The opening of the Consulate General of Israel in Munich (April 8) constitutes an expression of the importance which Israel to its relations with Germany and importance of the state of Bavaria in the context of these relations. On this occasion in Munich, while looking to the future, we cannot forget the past, which contains many significant milestones for us, as Jews and as Israelis.
(Communicated by the Foreign Minister’s Bureau)
Deputy Prime Minister and Minister of Foreign Affairs Avigdor Liberman inaugurated the first Israeli Consulate in Munich (April 8), at a ceremony attended by Bavarian Prime Minister Horst Seehofer, Munich Mayor Christian Ude, and heads of government in Bavaria.
Foreign Minister Liberman said:
"The opening of the Consulate General of Israel in Munich today, constitutes an expression of the importance which Israel to its relations with Germany and importance of the state of Bavaria in the context of these relations. Bavaria, the largest state in Germany, comprising more than 12 million people, is a major component of Germany’s political economic, and cultural strength. The presence of an Israeli mission in Munich, will help promote cooperation between Israel and Germany in various fields, including the promotion of economic and trade relations.
On this occasion in Munich, while looking to the future, we cannot forget the past, which contains many significant milestones for us, as Jews and as Israelis. Bavaria, and Munich in particular, holds special significance as the cradle of the National Socialist Nazi movement. The city and its immediate vicinity also witnessed the establishment of Dachau, the first Nazi concentration camp.
I am pleased to note that today Germany stands alongside Israel, and Bavarian Prime Minister Horst Seehofer, who is with us here, continues this tradition of friendship and commitment to the special relationship with Israel. No less important is the ability of the two countries to develop a meaningful common agenda in all areas of life – economics, research, society, culture and more.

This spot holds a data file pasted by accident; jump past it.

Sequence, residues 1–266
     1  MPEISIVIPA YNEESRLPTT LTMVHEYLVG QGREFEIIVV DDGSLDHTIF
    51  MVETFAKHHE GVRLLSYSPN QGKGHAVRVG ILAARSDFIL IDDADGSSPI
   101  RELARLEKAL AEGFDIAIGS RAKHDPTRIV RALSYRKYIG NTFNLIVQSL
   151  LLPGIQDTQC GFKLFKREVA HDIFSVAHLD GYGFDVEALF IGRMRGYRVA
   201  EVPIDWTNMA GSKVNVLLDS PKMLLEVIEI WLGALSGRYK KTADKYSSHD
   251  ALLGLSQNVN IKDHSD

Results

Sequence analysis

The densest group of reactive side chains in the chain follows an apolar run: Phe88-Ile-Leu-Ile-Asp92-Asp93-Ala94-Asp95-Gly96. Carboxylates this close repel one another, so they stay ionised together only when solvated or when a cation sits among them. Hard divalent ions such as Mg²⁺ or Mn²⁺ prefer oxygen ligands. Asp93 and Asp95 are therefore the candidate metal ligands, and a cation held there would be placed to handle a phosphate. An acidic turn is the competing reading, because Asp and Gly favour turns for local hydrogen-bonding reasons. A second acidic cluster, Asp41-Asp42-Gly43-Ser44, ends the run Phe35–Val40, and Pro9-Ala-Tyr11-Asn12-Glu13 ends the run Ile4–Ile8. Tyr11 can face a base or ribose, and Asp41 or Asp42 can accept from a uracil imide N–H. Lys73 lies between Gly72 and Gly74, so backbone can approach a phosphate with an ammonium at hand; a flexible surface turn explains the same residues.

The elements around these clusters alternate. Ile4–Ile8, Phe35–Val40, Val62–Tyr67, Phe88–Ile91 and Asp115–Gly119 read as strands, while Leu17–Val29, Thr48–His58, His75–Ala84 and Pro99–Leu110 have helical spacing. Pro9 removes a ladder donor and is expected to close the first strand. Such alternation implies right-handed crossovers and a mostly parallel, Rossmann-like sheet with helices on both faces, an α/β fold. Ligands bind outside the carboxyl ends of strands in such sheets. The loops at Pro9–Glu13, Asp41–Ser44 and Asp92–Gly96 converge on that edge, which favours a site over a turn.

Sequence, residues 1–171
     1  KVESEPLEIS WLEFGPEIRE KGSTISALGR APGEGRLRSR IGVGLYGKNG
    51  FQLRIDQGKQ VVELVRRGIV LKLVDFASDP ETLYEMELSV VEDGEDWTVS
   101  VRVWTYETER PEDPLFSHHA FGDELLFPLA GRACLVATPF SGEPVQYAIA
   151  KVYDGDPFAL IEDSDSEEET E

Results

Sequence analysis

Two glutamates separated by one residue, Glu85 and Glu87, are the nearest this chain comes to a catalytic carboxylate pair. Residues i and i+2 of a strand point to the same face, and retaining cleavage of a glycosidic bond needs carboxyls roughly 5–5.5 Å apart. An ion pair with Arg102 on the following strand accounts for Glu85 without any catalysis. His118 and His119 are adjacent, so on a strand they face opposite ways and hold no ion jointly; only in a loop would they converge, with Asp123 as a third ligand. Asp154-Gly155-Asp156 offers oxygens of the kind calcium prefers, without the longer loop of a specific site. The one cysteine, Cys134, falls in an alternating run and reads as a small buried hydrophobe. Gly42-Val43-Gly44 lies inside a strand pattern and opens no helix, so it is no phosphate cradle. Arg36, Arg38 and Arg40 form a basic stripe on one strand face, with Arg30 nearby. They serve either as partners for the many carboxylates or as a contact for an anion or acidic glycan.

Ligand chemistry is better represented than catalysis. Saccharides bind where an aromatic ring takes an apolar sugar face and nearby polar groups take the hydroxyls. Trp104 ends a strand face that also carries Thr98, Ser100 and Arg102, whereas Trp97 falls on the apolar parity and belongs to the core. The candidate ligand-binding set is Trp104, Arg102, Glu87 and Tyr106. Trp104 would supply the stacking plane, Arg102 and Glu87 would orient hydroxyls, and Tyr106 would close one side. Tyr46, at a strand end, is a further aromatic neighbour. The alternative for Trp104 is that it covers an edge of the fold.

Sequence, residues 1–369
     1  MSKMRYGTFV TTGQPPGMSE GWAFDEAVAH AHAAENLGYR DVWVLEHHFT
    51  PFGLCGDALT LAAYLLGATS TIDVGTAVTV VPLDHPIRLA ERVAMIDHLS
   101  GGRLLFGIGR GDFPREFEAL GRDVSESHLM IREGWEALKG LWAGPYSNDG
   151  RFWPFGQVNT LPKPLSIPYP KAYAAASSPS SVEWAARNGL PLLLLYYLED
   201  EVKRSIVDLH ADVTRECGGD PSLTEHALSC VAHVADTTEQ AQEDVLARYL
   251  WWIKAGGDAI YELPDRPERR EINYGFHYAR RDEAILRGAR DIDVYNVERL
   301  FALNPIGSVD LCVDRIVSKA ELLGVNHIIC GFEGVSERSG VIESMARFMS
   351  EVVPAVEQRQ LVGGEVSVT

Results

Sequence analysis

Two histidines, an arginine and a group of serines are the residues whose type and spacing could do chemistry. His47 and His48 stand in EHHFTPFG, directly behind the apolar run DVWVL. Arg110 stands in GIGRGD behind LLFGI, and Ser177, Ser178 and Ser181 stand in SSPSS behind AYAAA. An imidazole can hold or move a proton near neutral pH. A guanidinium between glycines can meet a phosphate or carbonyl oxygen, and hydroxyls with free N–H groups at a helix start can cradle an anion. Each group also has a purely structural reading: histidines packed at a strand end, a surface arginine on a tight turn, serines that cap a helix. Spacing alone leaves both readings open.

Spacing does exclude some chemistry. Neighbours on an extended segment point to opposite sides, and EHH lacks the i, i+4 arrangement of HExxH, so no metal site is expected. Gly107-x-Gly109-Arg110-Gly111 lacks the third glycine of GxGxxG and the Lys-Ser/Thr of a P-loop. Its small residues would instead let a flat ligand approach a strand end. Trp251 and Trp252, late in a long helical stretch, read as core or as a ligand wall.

Also with us here today is Mrs. Esther Rot-Shahamorov, who witnessed one of the most painful terror attacks we have known as a country: the massacre of the Israeli team to the Munich Olympics. Eleven representatives of Israeli sports were killed on September 5, 1972 by Black September terrorists. Their memory will be perpetuated in the permanent structure of the new consulate, as an integral part of the Israeli Consulate in Munich.
In a few days, the Jewish people will celebrate Passover, the holiday of freedom. We are currently witnessing popular uprisings in our region motivated by the desire for freedom. We hope that these changes will open new horizons, both for the peoples of the region and for Israel’s relations with those peoples."
FM Liberman then attended the memorial ceremony for the Israeli athletes killed at the 1972 Munich Olympics at the Olympic Village. The ceremony was also attended by Esther Rot-Shahamorov. Liberman said at the ceremony that "Here, it is easiest to explain what we mean by Israel’s special security needs. Unfortunately, even 39 years after the event, just yesterday we again saw a criminal act of terrorism in the form of a missile fired at a bus of children. Only by luck were they spared a terrible tragedy, and one boy, who was unlucky, was critically wounded. These events, which continue even now, with the firing of rockets from Gaza into southern Israel communities, demonstrate the correctness of our expectation that the international community, instead of exerting pressure on Israel, should help us overcome terrorism and defeat it."